… and could lead to human clinical trials.
Morphogenesis Inc., a private biotechnology firm based in Tampa, Florida, announced an equine clinical trial for the direct injection of their vaccine ImmuneFX™ in 2014. Thirty horses diagnosed with melanomas will be the test subjects at an equine facility in Missouri.
What is a melanoma?
Melanomas are tumors. Their cause is unknown, but evidence points to them not being linked to sun exposure. Grey horses are most affected. More than 80% of grey horses over the age of 15 will develop at least one melanoma in their lifetime. Arabian, Percheron, Andalusian and Lipizzaner breeds seem predisposed to the disease.
Most melanomas are slow growing, benign, cosmetic nuisances. Malignant tumors, however, rapidly spread and can interfere with a horse’s daily life. For more details on the four types of melanomas check out this informative pamphlet from Purdue University.
What to look for?
Melanomas can be hard or soft, solitary or clustered. As growth develops, they can ulcerate and become infected. Underneath the tail and the sheath are the most common locations, but they can form anywhere on the horse. All suspect nodules should be immediately inspected by a veterinarian via aspirate or biopsy.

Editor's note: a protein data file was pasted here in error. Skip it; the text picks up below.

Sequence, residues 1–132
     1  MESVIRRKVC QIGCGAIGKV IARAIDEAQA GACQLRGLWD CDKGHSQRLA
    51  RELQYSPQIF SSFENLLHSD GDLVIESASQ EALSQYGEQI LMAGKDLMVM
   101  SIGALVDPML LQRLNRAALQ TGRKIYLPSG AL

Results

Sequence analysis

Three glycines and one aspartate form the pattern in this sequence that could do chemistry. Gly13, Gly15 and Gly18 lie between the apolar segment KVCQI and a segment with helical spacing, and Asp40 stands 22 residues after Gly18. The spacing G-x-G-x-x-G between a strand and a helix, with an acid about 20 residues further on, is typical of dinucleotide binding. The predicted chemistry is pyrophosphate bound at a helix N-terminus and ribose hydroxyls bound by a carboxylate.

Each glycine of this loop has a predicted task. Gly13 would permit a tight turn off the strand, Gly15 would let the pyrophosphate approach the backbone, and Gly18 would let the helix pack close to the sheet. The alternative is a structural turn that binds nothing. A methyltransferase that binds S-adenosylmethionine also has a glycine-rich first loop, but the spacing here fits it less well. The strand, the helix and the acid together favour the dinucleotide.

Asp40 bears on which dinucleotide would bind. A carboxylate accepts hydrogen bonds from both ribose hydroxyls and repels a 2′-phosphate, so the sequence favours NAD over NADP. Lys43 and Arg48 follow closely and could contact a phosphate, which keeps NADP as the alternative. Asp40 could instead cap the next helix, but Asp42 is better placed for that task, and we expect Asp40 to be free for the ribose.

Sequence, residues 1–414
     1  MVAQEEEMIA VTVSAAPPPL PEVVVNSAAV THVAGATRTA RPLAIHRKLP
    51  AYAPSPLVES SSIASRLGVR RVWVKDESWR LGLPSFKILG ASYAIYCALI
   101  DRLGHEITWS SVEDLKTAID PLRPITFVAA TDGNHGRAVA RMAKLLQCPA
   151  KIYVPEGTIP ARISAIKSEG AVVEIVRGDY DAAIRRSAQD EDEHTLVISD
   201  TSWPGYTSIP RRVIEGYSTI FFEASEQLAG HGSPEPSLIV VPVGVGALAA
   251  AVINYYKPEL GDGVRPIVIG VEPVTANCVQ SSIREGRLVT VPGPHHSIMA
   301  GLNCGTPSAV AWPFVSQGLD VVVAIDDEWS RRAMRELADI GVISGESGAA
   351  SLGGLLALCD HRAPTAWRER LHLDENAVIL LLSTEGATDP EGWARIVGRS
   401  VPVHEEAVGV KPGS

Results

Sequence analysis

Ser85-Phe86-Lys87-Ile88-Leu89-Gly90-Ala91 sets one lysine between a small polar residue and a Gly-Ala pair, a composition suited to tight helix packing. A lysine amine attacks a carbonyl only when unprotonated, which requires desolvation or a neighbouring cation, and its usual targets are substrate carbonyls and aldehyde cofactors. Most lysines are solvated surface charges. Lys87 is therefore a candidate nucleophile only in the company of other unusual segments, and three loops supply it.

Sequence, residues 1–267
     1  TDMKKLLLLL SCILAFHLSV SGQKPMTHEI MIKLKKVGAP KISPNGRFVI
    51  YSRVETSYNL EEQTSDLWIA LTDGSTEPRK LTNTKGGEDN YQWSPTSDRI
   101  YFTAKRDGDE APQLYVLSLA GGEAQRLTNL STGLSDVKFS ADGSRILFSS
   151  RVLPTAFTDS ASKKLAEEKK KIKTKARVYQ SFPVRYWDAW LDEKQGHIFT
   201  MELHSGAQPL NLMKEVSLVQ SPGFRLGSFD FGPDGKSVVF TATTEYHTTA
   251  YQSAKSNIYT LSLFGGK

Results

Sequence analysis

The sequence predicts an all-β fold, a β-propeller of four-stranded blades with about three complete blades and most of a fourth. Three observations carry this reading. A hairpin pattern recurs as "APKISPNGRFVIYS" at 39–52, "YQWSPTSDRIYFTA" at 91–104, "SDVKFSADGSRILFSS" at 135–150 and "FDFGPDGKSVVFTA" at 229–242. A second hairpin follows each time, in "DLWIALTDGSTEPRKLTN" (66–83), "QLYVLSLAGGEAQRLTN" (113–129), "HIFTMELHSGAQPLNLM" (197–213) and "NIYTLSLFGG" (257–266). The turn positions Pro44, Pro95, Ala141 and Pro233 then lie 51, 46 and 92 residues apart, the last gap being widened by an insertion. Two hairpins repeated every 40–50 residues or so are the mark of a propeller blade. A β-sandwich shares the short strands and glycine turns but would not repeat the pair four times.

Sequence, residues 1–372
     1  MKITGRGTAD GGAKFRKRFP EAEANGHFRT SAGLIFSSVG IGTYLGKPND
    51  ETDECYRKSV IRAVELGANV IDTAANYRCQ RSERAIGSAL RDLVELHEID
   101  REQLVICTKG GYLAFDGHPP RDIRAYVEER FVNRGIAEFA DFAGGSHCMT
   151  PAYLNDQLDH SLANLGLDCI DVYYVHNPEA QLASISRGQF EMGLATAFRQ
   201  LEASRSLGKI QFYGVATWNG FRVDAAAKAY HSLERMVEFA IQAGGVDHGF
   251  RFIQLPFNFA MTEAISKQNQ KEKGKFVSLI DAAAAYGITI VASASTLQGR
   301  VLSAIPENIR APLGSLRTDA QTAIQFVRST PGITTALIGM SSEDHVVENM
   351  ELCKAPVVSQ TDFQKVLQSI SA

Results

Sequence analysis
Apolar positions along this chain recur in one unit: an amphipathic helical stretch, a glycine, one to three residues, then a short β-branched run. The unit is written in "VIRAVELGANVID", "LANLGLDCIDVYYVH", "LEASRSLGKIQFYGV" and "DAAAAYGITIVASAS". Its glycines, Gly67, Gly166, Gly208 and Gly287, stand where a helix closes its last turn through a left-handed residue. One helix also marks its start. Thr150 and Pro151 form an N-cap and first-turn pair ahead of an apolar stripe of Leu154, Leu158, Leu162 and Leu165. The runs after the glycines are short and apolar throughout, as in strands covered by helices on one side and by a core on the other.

What are the current treatment options?
Surgical removal is the simplest method for removing a slow-growing isolated melanoma. Cryonecrosis (freezing) can be used to kill any remaining tumor cells after surgical removal. Chemotherapy with the drug Cisplatin has proved very successful when injected into the tumor and shows no toxicity for breeding stallions or broodmares. The oral drug Cimetidine, a histamine blocker, has also proven helpful in adding years to a horse’s life. Then there’s ImmuneFx.
Check out this video from ABC News for more information.
These photos are from a similar vaccine study occurring in Australia at the Adelaide Plains Equine Clinic.
Veterinarians are already using a ‘personalized’ form of the vaccine across the country, but this new version would be sold off-the-shelf. If the study is successful, it could pave the way for human clinical trials.